Fungus Hits Local Maple Trees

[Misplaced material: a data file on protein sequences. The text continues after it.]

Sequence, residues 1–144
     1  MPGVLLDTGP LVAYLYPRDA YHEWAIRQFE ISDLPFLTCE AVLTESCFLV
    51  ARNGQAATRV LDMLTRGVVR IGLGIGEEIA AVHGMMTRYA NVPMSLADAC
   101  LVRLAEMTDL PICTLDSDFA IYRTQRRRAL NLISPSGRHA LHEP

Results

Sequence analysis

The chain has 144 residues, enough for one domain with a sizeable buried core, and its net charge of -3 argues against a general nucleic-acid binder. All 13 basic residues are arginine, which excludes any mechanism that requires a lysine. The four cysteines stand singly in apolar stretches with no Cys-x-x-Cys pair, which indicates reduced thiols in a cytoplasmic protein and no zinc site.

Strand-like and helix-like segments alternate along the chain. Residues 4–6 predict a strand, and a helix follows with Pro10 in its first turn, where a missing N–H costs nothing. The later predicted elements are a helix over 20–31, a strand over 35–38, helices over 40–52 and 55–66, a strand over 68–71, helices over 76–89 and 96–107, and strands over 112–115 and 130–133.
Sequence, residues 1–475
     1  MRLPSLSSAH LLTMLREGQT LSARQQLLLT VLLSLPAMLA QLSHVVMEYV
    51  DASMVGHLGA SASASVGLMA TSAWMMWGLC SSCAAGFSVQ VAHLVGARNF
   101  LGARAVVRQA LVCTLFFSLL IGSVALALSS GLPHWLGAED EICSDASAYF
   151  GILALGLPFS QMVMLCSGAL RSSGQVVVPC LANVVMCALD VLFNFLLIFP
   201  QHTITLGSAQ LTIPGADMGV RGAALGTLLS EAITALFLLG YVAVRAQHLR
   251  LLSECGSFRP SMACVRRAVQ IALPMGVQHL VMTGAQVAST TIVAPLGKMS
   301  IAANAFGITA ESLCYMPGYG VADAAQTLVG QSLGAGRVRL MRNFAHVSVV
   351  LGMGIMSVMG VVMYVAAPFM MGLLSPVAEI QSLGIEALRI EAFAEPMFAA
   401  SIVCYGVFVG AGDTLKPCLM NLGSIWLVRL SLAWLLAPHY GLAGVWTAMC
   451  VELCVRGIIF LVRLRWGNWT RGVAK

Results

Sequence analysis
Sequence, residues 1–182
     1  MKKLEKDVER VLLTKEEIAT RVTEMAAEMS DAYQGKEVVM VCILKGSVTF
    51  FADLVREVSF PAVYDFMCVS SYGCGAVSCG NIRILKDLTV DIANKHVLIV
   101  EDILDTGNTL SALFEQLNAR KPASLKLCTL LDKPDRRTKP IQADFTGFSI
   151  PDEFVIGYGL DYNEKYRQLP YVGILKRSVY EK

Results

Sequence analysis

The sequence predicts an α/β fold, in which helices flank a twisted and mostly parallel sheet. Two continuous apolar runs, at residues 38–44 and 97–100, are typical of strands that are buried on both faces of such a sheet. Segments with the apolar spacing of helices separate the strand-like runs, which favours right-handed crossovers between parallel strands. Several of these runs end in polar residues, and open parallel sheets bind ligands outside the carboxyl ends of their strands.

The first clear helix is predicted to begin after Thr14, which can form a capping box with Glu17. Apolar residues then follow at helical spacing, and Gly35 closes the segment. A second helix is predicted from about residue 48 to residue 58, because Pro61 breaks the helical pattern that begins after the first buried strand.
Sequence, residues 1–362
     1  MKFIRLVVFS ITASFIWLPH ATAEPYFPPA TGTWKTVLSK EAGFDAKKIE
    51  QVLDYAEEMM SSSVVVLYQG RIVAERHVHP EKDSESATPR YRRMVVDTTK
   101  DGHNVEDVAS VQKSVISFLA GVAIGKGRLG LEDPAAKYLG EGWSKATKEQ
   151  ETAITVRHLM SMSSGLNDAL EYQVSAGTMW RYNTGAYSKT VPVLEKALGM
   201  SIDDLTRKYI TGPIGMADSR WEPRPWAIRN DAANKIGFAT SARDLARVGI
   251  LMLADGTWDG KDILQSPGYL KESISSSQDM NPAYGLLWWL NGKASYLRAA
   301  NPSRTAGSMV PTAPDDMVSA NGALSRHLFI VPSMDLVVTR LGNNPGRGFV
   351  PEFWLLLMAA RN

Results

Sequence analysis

You might have seen lots of brown leaves on the ground lately. No, it’s not fall yet. A fungus is infecting maple trees throughout the state, including some in Bangor.Leaves on maple trees around town have been turning brown with tar spots and falling to the ground.”It’s the Rhytisma fungus, Acerinum. It’s particularly fond of the Norway Maples,” says Brian Dugas, a Bangor City Forester. He says while the fungus doesn’t look good, it’s not really harmful to most trees.”It is considered a nuisance fungus. It’s nothing to get really concerned about unless you have a tree that’s under a severe strain and has been experiencing dieback for many years. And if it’s a weakened tree, it’s certainly going to weaken the tree some more,” Dugas says.He says all our wet weather means the infection is serious in the city this year, especially in sheltered areas, like along the Kenduskeag stream.”As the season progresses, these spots – they start as small, black spots, grow in a circular pattern and coalesce into a solid black tar spot. In August, if the infection is serious enough, it desiccates a lot of the foliage and that’s when you see the browning of the entire canopy of the tree,” he says.Dugas says the key to keep the fungus from spreading is simple sanitation. Rake up infected leaves and bury them in your garden, or burn them.”The problem we have in this area is the Norway Maple is an invasive species. It’s taken over much of the woods of the city, which makes it difficult to control.”